Sunday, February 18, 2018

Notes from the Jiu Men Kou Great Wall

     Built of peasants' backs, walls that run from seas
     to mountain peaks secure the lands of kings.   
     Atop the fabrications, sentries pierce
     the states with raptor sight and rush reports
     to musty keeps, where ministers in silk
     discriminate, stroke pages wet with ink.

     Below the mammoth barricade that snakes
     over ledges and cliffs, a streamside path
     conducts me to a tunnel in the slope. 
     Inside I follow candlelight where lords
     impounded soldiers.  Water gurgles out
     of rock, forms pools that cool my cotton shoes.
     Court chambers echo splashes.  Blocked by stacks
     of trinkets, iron bodhisattvas watch
     as vendors bark.  Incense burns.  Wisps of smoke
     escape to battlements deployed above
     a river bent between two spines.  Along
     the Qi’s refurbished bulwark, winds tug suits
     that crouch in crenels, flap lapels while cell
     phone cameras capture dresses shaded by
     umbrellas.  I climb stairways wide enough
     for tanks, and red flags snap beside the crags. 
     From parapets I ponder eminence; 
     shadows of summits play on wards beneath.

Tuesday, February 13, 2018


     I served reform where lords conform
     and shook the party’s tables, mobbed
     with famished youth I begged to leave
     before their dreams were squashed by tanks,
     as shots and sirens laced with screams
     resounded through the capital.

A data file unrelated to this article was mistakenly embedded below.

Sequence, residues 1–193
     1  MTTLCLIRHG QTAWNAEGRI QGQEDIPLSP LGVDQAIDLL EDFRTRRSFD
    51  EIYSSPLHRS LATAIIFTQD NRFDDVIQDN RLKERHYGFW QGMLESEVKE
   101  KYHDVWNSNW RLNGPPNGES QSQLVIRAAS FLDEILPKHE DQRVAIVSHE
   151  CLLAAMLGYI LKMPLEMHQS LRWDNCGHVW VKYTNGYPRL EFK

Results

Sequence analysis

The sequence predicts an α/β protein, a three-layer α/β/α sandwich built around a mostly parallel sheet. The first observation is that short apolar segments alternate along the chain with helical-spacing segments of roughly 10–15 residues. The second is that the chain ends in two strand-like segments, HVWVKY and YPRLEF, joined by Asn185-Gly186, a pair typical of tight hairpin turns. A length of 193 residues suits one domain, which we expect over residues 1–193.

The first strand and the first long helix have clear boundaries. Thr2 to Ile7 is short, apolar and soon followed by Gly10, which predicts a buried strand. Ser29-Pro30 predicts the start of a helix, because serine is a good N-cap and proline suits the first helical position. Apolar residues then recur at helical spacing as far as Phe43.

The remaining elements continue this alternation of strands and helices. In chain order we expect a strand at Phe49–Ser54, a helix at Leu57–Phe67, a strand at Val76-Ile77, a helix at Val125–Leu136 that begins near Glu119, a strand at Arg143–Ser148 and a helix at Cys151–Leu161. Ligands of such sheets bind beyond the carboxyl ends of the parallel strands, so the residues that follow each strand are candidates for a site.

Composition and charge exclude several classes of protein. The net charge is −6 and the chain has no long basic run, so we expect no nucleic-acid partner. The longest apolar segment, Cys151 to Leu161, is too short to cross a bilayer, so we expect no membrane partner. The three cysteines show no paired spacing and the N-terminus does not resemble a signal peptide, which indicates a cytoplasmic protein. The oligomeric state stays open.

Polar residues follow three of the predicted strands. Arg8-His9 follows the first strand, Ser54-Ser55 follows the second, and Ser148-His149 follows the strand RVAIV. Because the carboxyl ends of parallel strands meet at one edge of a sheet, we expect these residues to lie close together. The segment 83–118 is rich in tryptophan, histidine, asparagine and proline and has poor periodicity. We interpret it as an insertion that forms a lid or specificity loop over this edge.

Confined at home by upset chairs,
     I gauged the wails. 
                                     Guarded now, I
     putt on the porch.  Inside I play
     chess with my wife, talk to cassettes
    our grandkid’s toys conceal, until 
     my death, when cops beat friends who mourn
     outside; shrewd comrades run the tapes
     to foreign press who bind my words. 

Graves in the Woods

      I cannot read the weather-worn calligraphy
     carved into concrete, so the buried stay unknown
     to me, but I’m still keen to follow footpaths choked
     with understory to the tombs, mostly unkept,
     though a bouquet of once-fresh flowers decorates
     the upper tier of one.  The purple blossoms wilt
     as vines encroach.  Gnarled roots envelop, flow about
     the stones that keep the slopes contained around the plots     
     while Sunday strollers on the main trails pass without
     a glance into the woods, where portraits wait insight.    
     Absorbed with tending crops, the farmers camped beside
     springs under tarps ignore, or just don’t see me.  Like
     the shrines, the little gardens shelter in the trees,   
     which drape the dried clay terraces with solemn shades.

East College Drop

      She steals two thousand kwai for love.  Expelled
     when caught, she jumps from six floors up to end
     her shame.  Her boyfriend’s tears dilute the blood
     that stains her face, mangled on a sidewalk. 

     No sirens wail as campus gossip spreads.
     “That girl’s poor parents would have beaten her.
     She make our college look bad; no one trust
     it now,” my spoken English classroom says.